Bottom line: Friendships are built on trust. Have those conversations that need to be had if not in the moment, have them when you can. We’ll all be better off. Here’s to a more racially just 2022.

Happy New Year!

 

 

DEI Meant Numbers to Me. I Wanted More.

Recently, while co-facilitating the Onion Dialogues, a white participant asked a pointed question: “What is the goal?” He continued by asking if employers should mirror the percentage of specific groups of people of color in the American population or what. I could hear frustration, or maybe exasperation, in his voice. He worked for a business that had mandated its entire team go through this training. He wanted to finish the training and come away with specific direction. A third of the way through, he didn’t see the session leading to that kind of direction and he was right.

This was a significant aha moment for me.

That Onion Dialogue participant wanted a road map. What was the quickest way for him to get from point A to point B?

Instead, I was giving him a complex route with multiple, interconnected roads. On top of that, the goal was racial justice, something he may have seen as an amorphous reality, not his tangible point B.

The Onion Dialogues, like many racial justice trainings, was designed to open the thinking of the participants. They are intended to leave knowing that Black Lives Matter is more than a slogan. It is a reality, with evidence of why we haven’t mattered for centuries. I want participants to understand the microaggressions and oppression Black people and other people of color face every day.  The goal is for them to become an ally or advocate for racial justice, with the skills to use a newly acquired lens to see, interact in, and transform the world.

He wanted to know how many Black people needed to work in his business to be compliant/woke/racially just.

That moment was a juxtaposition of black and white… and gray. To me, he was in a black and white business world of DEI:  hard numbers, measurable goals, and specific, time-driven outcomes. Done! I was in a gray, nuanced world of understanding racial history and racial reality on the way to working for racial justice. Ongoing, forever.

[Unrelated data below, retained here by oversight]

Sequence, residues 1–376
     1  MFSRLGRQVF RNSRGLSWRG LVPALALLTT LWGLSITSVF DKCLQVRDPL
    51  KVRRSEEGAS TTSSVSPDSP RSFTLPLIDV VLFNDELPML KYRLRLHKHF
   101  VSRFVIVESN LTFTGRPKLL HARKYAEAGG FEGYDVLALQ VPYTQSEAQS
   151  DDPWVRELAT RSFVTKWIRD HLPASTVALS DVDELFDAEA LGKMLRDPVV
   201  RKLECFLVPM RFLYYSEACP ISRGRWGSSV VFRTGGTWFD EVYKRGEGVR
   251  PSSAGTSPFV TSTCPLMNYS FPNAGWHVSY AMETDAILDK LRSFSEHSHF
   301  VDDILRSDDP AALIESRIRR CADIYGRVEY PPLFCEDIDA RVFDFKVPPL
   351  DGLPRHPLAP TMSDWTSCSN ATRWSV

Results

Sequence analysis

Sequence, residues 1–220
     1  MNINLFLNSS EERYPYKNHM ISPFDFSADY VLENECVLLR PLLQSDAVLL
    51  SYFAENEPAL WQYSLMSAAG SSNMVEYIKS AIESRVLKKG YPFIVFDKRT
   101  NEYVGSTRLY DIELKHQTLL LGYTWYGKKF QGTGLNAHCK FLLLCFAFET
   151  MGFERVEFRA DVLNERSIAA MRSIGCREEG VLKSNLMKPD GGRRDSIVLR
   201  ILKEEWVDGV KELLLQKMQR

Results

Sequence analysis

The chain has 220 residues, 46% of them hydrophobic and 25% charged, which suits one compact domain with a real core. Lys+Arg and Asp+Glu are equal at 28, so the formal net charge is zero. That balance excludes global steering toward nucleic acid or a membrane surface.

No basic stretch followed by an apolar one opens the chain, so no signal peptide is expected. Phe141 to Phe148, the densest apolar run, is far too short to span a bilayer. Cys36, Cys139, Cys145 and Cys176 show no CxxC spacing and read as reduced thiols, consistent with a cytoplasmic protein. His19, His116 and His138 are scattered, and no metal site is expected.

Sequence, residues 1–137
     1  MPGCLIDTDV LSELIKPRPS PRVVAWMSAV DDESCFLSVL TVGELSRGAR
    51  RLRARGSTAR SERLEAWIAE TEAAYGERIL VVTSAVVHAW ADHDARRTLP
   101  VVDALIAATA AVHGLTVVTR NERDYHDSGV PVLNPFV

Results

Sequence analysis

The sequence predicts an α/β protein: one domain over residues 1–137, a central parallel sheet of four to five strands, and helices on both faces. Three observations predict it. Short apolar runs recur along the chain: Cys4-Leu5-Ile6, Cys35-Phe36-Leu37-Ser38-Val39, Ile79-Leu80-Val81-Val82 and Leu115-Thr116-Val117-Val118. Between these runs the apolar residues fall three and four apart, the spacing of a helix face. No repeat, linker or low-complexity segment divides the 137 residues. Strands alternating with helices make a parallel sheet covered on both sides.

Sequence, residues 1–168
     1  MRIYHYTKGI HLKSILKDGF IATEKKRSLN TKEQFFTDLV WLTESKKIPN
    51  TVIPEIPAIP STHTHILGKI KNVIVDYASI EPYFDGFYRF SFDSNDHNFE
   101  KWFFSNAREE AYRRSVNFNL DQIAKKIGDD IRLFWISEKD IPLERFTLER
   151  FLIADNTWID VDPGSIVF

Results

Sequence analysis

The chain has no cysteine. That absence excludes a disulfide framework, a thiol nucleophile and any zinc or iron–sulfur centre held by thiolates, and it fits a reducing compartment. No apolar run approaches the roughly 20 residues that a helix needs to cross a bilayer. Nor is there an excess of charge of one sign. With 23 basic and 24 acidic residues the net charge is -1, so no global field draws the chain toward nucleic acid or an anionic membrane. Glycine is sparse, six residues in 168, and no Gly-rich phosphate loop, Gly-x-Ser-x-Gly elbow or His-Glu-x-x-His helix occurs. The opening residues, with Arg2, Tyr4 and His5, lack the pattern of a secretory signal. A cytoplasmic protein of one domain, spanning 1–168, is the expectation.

I have been challenged by the concept of DEI for some time. I think of it as minimizing. This participant again elevated my discomfort while also prompting my thinking.

The term DEI – diversity, equity, and inclusion – seems to me, most often, to be translated into numbers. Those numbers are critically important. I know that.  I just want so much more than the right numbers.  A person/business/organization can do all the right things, under the DEI approach, and still not reckon with how race has shaped their own life or experience at work, how they may be complicit in racial injustices, or see how their company or organization perpetuates racial inequities or benefits from historical injustices.

I want participants’ understanding of racial injustice to evolve through the training. I want them to be exposed to a more complete history of our country, one that, for example, discusses the injustice of not getting forty acres and a mule and how redlining and decades of prejudice and discrimination have left Black families with one-tenth the wealth of white families in America. I want participants who go through racial justice training to understand that, perhaps, just maybe, they have, consciously or unconsciously, been blaming the victim. Do most DEI programs do that?

For some reason, I heard that participant with new ears. I reflected on his question and his viewpoint, realizing that I needed to open my thinking. I needed to align my view of an organizational or business focus on DEI with my commitment to what I perceive as a more comprehensive examination of race and racism. One is not right and one wrong. They’re different strategies, complementary, both necessary and both incomplete. We need to see more racially diverse employees in every sector, at every level. And, we must go beyond solely a DEI compliant workplace, to get to a racially just America.

DEI and racial justice seminars/trainings like the Onion Dialogues are all part of a necessary, multifaceted tool kit for social change. Various strategies, many interventions, layers of action from thousands of voices are needed to birth a racially just America. So, to my DEI-focused colleagues, I say you’re doing important work, keep looking at the numbers, but also take that macro view, learn about all that has gotten us to where we are as a racially unjust country and then go well beyond the workplace to make it right.

 

Intentional conversations among friends

It was my first trip following COVID vaccinations.  I went to the Outer Banks in North Carolina with a group of friends I’ve known for almost 20 years. We met through a local leadership program, Leadership Greater Washington. And over several years of restaurant dinners, happy hours, traveling together domestically and internationally, and staying in each other’s homes, we’ve bonded. We are friends.